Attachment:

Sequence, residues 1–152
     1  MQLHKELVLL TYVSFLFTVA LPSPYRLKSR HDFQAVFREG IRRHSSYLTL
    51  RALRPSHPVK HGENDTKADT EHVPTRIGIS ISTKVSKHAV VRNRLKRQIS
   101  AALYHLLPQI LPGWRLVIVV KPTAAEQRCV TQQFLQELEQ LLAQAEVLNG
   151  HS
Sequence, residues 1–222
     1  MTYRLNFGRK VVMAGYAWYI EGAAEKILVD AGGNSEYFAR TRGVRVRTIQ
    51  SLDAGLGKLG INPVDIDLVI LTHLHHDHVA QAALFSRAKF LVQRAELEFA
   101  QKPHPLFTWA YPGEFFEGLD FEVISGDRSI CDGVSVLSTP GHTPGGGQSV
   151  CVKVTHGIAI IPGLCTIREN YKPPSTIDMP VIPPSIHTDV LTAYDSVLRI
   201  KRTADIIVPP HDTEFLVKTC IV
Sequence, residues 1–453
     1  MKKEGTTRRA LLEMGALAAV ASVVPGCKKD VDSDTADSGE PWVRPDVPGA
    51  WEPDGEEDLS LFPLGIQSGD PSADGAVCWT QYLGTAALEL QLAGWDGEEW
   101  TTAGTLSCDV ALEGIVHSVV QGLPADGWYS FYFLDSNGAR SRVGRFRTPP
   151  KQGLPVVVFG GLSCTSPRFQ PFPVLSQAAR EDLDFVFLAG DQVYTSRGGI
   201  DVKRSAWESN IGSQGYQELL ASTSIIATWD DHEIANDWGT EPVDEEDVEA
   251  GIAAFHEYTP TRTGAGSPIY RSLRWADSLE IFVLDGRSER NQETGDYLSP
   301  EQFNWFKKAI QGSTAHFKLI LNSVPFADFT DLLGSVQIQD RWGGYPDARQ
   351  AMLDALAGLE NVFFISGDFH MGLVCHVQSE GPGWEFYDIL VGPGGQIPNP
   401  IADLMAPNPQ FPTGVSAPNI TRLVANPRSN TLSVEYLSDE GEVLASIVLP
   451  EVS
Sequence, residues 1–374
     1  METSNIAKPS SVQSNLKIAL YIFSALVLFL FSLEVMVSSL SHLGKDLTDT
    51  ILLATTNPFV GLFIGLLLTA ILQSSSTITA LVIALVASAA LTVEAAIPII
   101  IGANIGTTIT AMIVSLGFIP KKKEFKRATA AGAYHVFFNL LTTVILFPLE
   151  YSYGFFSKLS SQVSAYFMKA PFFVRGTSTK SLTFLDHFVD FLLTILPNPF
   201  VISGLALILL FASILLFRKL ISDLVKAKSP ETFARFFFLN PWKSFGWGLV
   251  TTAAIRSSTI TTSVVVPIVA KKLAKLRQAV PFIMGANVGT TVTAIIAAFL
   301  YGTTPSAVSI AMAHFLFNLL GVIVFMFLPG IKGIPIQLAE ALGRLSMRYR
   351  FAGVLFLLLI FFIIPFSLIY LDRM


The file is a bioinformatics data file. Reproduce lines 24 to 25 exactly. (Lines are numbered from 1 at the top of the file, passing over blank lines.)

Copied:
     1  METSNIAKPS SVQSNLKIAL YIFSALVLFL FSLEVMVSSL SHLGKDLTDT
    51  ILLATTNPFV GLFIGLLLTA ILQSSSTITA LVIALVASAA LTVEAAIPII